I've been thinking about doing this myself.  I held off because I was going to make pod_malloc(size_t) return RangedPtr next.  This would kill off almost all of these places, leaving us with a rather minimal interface diff from |const jschar *| to |StableCharPtr|.  

If you're asking for this change now, however....  I'll just go polish my code-carving tools for a bit.

One question I have is: Is Range<T> the best name for this tuple?  IMHO, I'd rather put the length directly into the CharPtr heirarchy.  It's less general, but I think CharPtr is a broadly applicable enough class that it warrants this treatment.
I'd expect:

  RangedPtr <-- CharPtr <-- StableCharPtr
  Range <-- CharRange <-- StableCharRange
Attachment #672620 - Flags: review?(luke)
Comment on attachment 672040 [details] [diff] [review]

Whoops, sorry I left this flagged so long, Luke.
Attachment #672040 - Attachment is obsolete: true
Attachment #672040 - Flags: review?(luke)
Depends on: 811060
Blocks: 813244
No longer blocks: 773686
Whiteboard: [js:t]
Attached patch v2Splinter Review
Now that TwoByteChars has landed, we can do this much more simply. This extends the existing infrastructure just enough to allow us to safely create short strings from Unstable chars.
Attachment #672620 - Attachment is obsolete: true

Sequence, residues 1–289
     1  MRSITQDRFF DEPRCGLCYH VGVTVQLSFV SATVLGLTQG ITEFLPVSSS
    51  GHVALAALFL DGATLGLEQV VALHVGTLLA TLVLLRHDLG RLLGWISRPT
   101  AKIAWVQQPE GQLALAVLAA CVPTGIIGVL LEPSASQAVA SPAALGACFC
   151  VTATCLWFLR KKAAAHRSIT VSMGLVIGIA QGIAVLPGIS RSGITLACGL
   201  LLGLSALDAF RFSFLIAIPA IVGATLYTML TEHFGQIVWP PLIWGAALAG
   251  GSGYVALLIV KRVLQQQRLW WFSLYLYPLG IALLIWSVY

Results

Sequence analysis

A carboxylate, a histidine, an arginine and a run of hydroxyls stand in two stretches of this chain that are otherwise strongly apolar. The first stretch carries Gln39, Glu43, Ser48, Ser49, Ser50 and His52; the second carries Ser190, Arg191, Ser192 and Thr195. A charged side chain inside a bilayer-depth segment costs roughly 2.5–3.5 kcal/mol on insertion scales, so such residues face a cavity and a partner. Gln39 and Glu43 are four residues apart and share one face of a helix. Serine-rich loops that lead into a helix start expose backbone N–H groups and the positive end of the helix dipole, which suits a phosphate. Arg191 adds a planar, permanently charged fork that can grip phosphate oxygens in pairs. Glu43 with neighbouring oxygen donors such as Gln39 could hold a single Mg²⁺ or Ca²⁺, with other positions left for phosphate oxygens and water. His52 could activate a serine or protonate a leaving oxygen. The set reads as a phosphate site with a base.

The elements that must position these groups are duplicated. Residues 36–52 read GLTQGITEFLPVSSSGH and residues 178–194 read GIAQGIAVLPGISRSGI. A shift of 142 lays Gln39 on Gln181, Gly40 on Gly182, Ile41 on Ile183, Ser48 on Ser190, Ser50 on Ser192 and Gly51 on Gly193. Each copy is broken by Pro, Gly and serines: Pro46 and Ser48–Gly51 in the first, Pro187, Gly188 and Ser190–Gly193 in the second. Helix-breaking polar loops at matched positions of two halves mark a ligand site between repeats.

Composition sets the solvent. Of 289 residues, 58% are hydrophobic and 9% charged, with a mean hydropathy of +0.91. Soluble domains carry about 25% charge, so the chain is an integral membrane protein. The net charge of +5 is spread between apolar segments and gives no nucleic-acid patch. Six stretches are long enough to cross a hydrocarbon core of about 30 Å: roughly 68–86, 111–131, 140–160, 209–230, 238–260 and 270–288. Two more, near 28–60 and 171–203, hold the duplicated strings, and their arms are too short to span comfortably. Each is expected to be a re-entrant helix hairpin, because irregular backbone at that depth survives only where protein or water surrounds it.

Attachment #702587 - Flags: review?(wmccloskey)
Comment on attachment 702587 [details] [diff] [review]

Review of attachment 702587 [details] [diff] [review]:

Looks nice, thanks.

::: js/public/CharacterEncoding.h
@@ +94,5 @@
>      TwoByteChars(const jschar *chars, size_t length) : Base(const_cast<jschar *>(chars), length) {}
>  };
>  /*
> + * A non-convertible varient of TwoByteChars that does not refer to characters


::: js/src/vm/String-inl.h
@@ +21,5 @@
>  namespace js {
>  static JS_ALWAYS_INLINE JSInlineString *
> +NewShortString(JSContext *cx, Latin1Chars chars)

Why does this need to be inline when it wasn't before?

@@ +76,5 @@
> +    JSInlineString *str = JSInlineString::lengthFits(len)
> +                          ? JSInlineString::tryNew_(cx)
> +                          : JSShortString::tryNew_(cx);
> +    if (!str) {
> +        ScopedFreePtr<jschar> tmp(cx->pod_malloc<jschar>(len));

Why malloc? Can't you stack allocate it?
Attachment #702587 - Flags: review?(wmccloskey) → review+
(In reply to Bill McCloskey (:billm) from comment #11)
> Comment on attachment 702587 [details] [diff] [review]
> ::: js/src/vm/String-inl.h
> @@ +21,5 @@
> >  
> >  namespace js {
> >  
> >  static JS_ALWAYS_INLINE JSInlineString *
> > +NewShortString(JSContext *cx, Latin1Chars chars)
> Why does this need to be inline when it wasn't before?

Yeah, this is pretty annoying. For reasons I don't entirely understand, without the inline clang gives an unused function warning on every translation unit vm/String-inl.h gets included into except for jsstr.cpp, where it is used.

Our options are:
 - Move JSDependentString::new_ out of the header so that we can move NewShortString out of headers as well.
 - Move NewShortString(Latin1) back to where it was, not alongside its namesake.
 - Make it inline. This doesn't hurt us since it only has one caller anyway.

I think that inlining is probably the best tradeoff here.
Closed: 12 years ago
Resolution: --- → FIXED
Target Milestone: --- → mozilla21